Vols shut out for first time since 1994

KNOXVILLE, Tenn. – There would be no frantic finishes or dramatic comebacks in the latest edition of the Georgia-Tennessee rivalry.

The seventh-ranked Bulldogs made sure of it.

Jake Fromm threw a touchdown pass and ran for two more scores Saturday as No. 7 Georgia rolled to a 41-0 blowout of Tennessee, which was shut out for the first time in nearly a quarter-century.

Nick Chubb added 109 yards rushing to help Georgia race to its first 5-0 start since 2012, the last year the Bulldogs reached the Southeastern Conference championship game. Georgia earned its 800th win in program history.

“Keep chopping wood and let’s get some more,” Georgia coach Kirby Smart said.

Before Saturday, none of the last six games in this series had been decided by more than eight points, including Tennessee’s 34-31 victory last season on a Hail Mary as time expired. Each of the last three years, the winning team had erased a double-digit deficit.

But Georgia took the suspense out of this one early. Georgia grabbed a 24-0 halftime lead and never allowed Tennessee to rally.

“You can’t let your foot off their throat,” Georgia outside linebacker Lorenzo Carter said.

Tennessee (3-2, 0-2) hadn’t been shut out since a 31-0 loss to Florida in 1994. Georgia forced four turnovers, allowed just 142 total yards and limited SEC rushing leader John Kelly to 44 yards on 16 carries.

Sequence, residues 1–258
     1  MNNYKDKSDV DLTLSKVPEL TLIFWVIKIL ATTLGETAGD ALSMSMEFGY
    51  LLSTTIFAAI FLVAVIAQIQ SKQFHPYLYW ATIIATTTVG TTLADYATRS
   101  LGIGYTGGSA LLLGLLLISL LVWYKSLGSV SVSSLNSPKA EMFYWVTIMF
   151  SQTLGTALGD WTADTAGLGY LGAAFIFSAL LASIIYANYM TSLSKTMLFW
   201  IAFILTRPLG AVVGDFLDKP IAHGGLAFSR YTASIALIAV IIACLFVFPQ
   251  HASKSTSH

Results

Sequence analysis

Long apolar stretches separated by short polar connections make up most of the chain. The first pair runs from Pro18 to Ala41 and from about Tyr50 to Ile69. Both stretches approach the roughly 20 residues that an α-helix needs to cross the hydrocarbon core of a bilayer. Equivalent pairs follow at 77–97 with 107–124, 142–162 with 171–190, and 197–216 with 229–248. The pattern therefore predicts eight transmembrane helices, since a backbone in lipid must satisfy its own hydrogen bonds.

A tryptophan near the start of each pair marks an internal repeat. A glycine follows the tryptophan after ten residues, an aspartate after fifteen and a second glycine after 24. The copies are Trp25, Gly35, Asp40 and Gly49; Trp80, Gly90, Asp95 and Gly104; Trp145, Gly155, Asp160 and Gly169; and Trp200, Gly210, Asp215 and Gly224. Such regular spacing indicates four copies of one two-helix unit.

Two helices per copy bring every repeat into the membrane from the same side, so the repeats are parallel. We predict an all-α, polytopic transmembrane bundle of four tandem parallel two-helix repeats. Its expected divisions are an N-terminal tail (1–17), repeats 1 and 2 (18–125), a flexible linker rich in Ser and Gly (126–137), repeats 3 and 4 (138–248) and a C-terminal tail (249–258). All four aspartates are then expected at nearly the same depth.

“It was as bad of an offensive performance as I’ve ever been a part of,” Tennessee coach Butch Jones said. “It’s inexcusable.”

The Bulldogs got more good news in the fourth quarter when quarterback Jacob Eason made his first appearance since spraining his left knee in the season opener.

Fromm was 7 of 15 for 84 yards with an interception and a 12-yard touchdown pass to Javon Wims . He also rushed for 20 yards, including second-quarter touchdown runs from 9 and 4 yards out, before givingway to Eason with the game well in hand.

The game’s first play from scrimmage set the tone for the rest of the day. Georgia’s Tyrique McGhee picked off Quinten Dormady’s pass at Tennessee’s 27-yard line to set up Rodrigo Blankenship’s 38-yard field goal.

That started a tough afternoon for Dormady, who was 5 of 16 for 64 yards with two interceptions before Jarrett Guarantano replaced him late in the third quarter.

Tennessee’s best scoring chance vanished when a shotgun snap from center Jashon Robertson appeared to hit his rear end and came in low to Dormady, who couldn’t handle it. Carter recovered the second-quarter fumble at Georgia’s 29.

Even Tennessee’s biggest gain of the afternoon resulted in a turnover, as Aaron Davis forced a fumble by Kelly that J.R. Reed recovered at the end of a 44-yard completion.

 

“Everyone should hurt,” Jones said. “If it doesn’t hurt, then that shows you’re not heavily invested. If you’re invested, you hurt. This one stings. It’s going to take a while. Like I told them, if you don’t feel like coming to practice, you better remember how you feel right now. And if that’s not motivation, I don’t know what is.”